In a First, Pompeo Visits Jerusalem’s Contested Western Wall With Netanyahu

Secretary of State Mike Pompeo, in an unprecedented step for a senior U.S. official, visited the Western Wall in Jerusalem on Thursday, accompanied by Israeli Prime Minister Benjamin Netanyahu, the latest show of American support for the Jewish state’s control of the holy city.

The visit, possibly signaling tacit U.S. recognition of Israeli control of the Jewish holy site, was the first time a top U.S. diplomat had visited the site alongside a senior Israeli official. U.S. President Donald Trump and other former U.S. leaders and top American officials have visited the site privately in the past, but not with an Israeli leader.

The Western Wall is located underneath the Old City’s Muslim Quarter in eastern Jerusalem that was captured by the Israelis in the 1967 Six-Day War.

But for decades top U.S. officials have refrained from visiting the site with Israeli leaders to present a sense of impartiality in deciding eventual control of Jerusalem in the years of unresolved discussions over the creation of a Palestinian state.

The Palestinians have sought to claim east Jerusalem as its capital of an eventual independent state, but Israel also considers Jerusalem as its eternal and indivisible capital.

“I think it’s symbolic that a senior American official go there with a prime minister of Israel,” Pompeo said. “It’s a place that’s important to many faiths and I’m looking forward to it. I think it will be very special.”

Pompeo and Netanyahu viewed the wall and adjacent tunnels. The two officials stopped by a visitor’s center to watch a virtual reality recreation of the Jewish temple that once stood on the Temple Mount.

The Temple Mount is revered by Jews as the holiest site in Judaism, which once housed the biblical Temples. It is also home to the Al-Aqsa Mosque, considered the third holiest site in Islam.

The Western Wall website says that the tour of the tunnels “allows visitors to reach the segments of the Wall hidden from view, and to touch the original and special stones that tell the story of the Jewish nation.”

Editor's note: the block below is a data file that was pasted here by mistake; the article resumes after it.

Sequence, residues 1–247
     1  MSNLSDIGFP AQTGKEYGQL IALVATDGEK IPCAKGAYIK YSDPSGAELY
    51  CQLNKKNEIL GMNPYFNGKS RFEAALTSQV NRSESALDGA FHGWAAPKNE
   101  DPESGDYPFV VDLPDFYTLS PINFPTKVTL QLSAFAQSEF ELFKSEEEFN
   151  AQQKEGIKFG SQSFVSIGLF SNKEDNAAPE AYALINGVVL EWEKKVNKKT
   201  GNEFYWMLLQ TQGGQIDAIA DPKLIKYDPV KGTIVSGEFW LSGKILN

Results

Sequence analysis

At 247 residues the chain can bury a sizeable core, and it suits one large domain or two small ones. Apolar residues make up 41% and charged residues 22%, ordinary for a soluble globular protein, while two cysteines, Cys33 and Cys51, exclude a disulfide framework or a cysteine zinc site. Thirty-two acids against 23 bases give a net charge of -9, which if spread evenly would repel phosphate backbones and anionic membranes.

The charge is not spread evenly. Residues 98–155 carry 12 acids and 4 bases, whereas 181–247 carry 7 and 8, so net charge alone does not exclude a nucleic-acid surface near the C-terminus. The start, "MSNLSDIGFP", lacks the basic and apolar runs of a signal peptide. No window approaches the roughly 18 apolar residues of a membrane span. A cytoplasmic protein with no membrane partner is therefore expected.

Pompeo’s visit to the site could further inflame tensions between Palestinians and Israelis. The Palestinians have already severed ties with the U.S. over Washington’s Jerusalem policies.

Trump, early in his administration, abandoned long-standing U.S. policy by moving its embassy from Tel Aviv to Jerusalem after recognizing Jerusalem as the Israeli capital.

When Trump did so, he said it did not determine the city’s eventual borders, but Palestinians viewed the U.S. action as tipping the scales toward Israeli support and cut ties with the U.S.

Nabil Abu Rudeineh, spokesman for Palestinian President Mahmoud Abbas, criticized Pompeo’s visit to Israel absent any corresponding plans to meet with Palestinian officials. “While they are claiming to be trying to solve the conflict, such acts only make it more difficult to resolve,” he said.

Pompeo said, “The Israelis and Palestinians live side-by-side. We need to help them figure out how to do that. It’s a fact, and this administration wishes well for the Palestinian people.”

While in the Old City, Pompeo, a devout Christian, is also stopping at the Church of the Holy Sepulcher, where tradition says that Jesus was crucified and resurrected.

Pompeo visited Kuwait on the first leg of his five-day Middle East trip, before heading to Israel and lastly to Lebanon.

Pompeo met formally with both Netanyahu and Israeli President Reuven Rivlin, reaffirming U.S. support for Israel and its right to defend itself against attacks. They also discussed how best to combat what the U.S. considers Iranian aggression in the Middle East.

Trump is meeting with Netanyahu in Washington next week. Netanyahu’s government is headed to a tough April 9 re-election contest as the prime minister is embroiled in a corruption investigation and faces allegations of bribery, fraud and breach of trust. Netanyahu has called the case against him a political “witch hunt.”

Pompeo, in comments to reporters en route to the Middle East, dismissed the suggestion that his meeting with Netanyahu could be seen as the United States intruding in the Israeli election in support of the prime minister.

A senior State Department official said last week that Pompeo would not be meeting with Netanyahu’s opponents, but Netanyahu alone as the current head of the Israeli government.

 

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